They’re must-have plants for shade gardens, but what about when to plant hostas to enjoy their impressive foliage?
Hostas (plantain lilies) have sizeable leaves that inject woodland borders with verdant structure in spring, summer, and fall, and along with knowhow about how to plant hostas, the detail of when to plant them is essential.
Our guide has the answers you need to enjoy their unique, lush foliage in your flower bed ideas, along with advice from the experts.
When to plant hostas
The gorgeous green of hostas is welcome in a backyard, and some gardeners fall deeply for them, gradually building up a collection of different leaf textures, shapes, colors, and sizes, which look stunning growing side by side in a tapestry of green.
As for when to plant hostas? Spring is a great time to get hostas in the ground. But they also respond well to being planted in the fall.
‘Although they will survive almost anywhere, they look best, and do better, in partial shade, in cool well-fed soil, where, once established, many will produce immense leaves, totally weedproof,’ wrote the late great gardener Beth Chatto, who grew many hostas in her famous UK gardens (opens in new tab). They are excellent shade plants and can also be grown under tree canopies as woodland plants.
Among the 6,000 different cultivars available, there are leaves in every shade of green, as well as gold, cream, and blue. Some leaves are heart-shaped; some rounded; some lanceolate. They display lovely veining or puckering or they are smooth. They skim 3in (8cm) or they balloon to 3ft (90cm). Pale flowers – which are produced at different times in summer or fall, depending on the species – bloom above them on stalks that reach between 6in (30cm) and 6ft (1.8m).
When it the best time to plant hostas?
While the answer to when to plant hostas is that it is flexible, there is an optimum time to do so.
‘Hostas can be planted at any time of year,’ explains Paul Harris, owner of specialist hosta nursery Brookfield Plants (opens in new tab) in Kent, UK, ‘but spring is the ideal time to plant hostas with the whole growing season ahead to enjoy the beautiful foliage.’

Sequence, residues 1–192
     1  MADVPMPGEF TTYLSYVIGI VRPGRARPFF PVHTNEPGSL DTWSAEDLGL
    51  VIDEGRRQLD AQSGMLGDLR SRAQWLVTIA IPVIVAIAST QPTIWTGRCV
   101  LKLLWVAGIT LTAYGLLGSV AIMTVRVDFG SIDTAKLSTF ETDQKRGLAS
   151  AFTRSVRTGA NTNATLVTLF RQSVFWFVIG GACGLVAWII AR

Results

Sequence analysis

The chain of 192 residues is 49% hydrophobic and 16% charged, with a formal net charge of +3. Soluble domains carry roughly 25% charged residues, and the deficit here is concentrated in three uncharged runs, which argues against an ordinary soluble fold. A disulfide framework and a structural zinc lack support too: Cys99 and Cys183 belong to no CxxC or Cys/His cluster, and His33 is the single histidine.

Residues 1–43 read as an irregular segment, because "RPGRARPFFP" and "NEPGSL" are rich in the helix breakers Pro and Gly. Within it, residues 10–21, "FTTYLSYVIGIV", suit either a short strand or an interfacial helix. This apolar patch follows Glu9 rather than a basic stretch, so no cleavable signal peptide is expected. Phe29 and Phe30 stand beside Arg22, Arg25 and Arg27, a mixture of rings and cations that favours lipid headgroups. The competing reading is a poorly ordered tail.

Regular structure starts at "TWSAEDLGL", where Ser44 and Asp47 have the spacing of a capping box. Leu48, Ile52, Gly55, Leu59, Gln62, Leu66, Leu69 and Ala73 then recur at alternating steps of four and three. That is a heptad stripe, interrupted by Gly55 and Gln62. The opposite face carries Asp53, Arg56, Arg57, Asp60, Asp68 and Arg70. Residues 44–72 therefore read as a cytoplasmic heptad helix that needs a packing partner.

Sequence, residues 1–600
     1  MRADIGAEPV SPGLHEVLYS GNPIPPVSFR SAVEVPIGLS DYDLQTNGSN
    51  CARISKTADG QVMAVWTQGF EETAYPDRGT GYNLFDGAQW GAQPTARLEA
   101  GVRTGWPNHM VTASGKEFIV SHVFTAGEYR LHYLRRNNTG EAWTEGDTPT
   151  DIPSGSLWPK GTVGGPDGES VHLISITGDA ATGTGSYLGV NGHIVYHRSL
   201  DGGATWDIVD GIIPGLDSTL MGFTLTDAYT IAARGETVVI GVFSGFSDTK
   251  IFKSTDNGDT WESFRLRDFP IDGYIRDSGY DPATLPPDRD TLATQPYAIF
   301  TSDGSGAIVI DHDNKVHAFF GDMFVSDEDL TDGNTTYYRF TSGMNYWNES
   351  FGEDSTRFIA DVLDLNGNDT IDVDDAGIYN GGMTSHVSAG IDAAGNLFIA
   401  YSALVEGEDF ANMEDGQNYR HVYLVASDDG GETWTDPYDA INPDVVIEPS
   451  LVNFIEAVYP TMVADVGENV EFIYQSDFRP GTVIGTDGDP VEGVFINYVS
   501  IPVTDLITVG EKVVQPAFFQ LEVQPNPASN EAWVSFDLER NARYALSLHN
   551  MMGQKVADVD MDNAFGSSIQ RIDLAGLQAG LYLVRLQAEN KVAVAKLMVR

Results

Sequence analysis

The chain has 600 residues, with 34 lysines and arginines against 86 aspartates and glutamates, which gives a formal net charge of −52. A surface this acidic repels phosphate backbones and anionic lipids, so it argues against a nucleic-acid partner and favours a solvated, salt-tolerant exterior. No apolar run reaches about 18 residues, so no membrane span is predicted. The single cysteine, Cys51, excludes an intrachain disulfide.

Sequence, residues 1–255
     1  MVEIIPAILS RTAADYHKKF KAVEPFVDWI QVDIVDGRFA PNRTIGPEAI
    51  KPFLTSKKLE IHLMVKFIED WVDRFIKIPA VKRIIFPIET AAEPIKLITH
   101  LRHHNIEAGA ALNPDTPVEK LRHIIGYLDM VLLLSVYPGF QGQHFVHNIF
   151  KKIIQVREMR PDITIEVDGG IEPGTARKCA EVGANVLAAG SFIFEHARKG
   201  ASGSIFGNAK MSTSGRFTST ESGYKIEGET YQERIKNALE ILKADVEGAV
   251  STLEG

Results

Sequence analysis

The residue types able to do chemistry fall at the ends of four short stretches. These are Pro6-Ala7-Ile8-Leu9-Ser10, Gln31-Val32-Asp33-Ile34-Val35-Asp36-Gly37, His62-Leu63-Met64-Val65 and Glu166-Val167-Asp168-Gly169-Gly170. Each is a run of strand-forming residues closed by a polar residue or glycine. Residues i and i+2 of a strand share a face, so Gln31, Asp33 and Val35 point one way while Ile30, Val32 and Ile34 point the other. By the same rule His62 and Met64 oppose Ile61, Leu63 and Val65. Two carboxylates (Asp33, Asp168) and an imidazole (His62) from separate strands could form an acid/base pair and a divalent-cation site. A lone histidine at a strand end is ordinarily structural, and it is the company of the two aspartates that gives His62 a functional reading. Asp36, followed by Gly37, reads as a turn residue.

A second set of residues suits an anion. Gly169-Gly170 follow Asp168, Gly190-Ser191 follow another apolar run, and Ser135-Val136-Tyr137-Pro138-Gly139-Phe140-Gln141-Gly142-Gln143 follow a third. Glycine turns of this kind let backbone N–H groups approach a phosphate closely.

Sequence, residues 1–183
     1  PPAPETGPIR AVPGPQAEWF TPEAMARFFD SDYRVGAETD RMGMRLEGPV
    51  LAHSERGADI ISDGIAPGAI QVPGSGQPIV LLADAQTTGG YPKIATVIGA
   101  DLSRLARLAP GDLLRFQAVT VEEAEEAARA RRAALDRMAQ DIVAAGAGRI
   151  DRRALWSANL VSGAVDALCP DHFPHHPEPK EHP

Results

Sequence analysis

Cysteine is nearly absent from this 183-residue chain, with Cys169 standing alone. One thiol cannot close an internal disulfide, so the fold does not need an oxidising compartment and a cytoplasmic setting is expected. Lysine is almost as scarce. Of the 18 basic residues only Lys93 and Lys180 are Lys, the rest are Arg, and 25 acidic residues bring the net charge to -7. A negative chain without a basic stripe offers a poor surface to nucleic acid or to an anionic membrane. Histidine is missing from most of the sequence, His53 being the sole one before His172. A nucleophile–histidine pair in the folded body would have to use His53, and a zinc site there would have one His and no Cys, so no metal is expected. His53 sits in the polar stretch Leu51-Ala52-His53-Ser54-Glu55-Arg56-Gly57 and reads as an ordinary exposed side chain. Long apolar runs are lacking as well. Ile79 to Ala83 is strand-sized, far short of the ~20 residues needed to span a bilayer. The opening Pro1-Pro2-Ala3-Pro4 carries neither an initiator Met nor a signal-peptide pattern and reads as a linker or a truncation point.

If possible, avoid planting in summer, when temperatures can be high; in spells of hot, dry weather in spring or fall; or when the ground is frozen or waterlogged in winter.
‘Preferable planting times for all hostas are spring and fall,’ says James Coutts, who holds a UK national collection of Hosta plantaginea (fragrant plantain lily). ‘Spring because the roots are getting going in terms of growth. It is best to avoid planting amid the very hot weather of mid-summer. That said, with careful positioning and monitoring of watering, it can still be done. Fall is also a good season, having avoided the heat of summer, and the plants will get the benefit of warm soil to set root before winter.’
What month is best to plant hostas?
The best month to plant hostas will depend on weather and soil conditions. Steer clear of planting in the hot temperatures of the summer months or the months of winter when the ground is frozen or waterlogged. As for spring and fall months, these could all prove possibilities, but don’t plant if there’s a spell of hot, dry weather.
When should I buy hostas?
As a rule, it’s best to buy and plant hostas in spring or fall. Buying and planting them in summer isn’t out of the question, but in that case they need to be put in the right location and careful attention paid to watering.
Rachel is senior content editor, and writes and commissions gardening content for homesandgardens.com, Homes & Gardens magazine, and its sister titles Period Living Magazine and Country Homes & Interiors. She has written for lifestyle magazines for many years, with a particular focus on gardening, historic houses and arts and crafts, but started out her journalism career in BBC radio, where she enjoyed reporting on and writing programme scripts for all manner of stories. Rachel then moved into regional lifestyle magazines, where the topics she wrote about, and people she interviewed, were as varied and eclectic as they were on radio. Always harboring a passion for homes and gardens, she jumped at the opportunity to work on The English Home and The English Garden magazines for a number of years, before joining the Period Living team, then the wider Homes & Gardens team, specializing in gardens.
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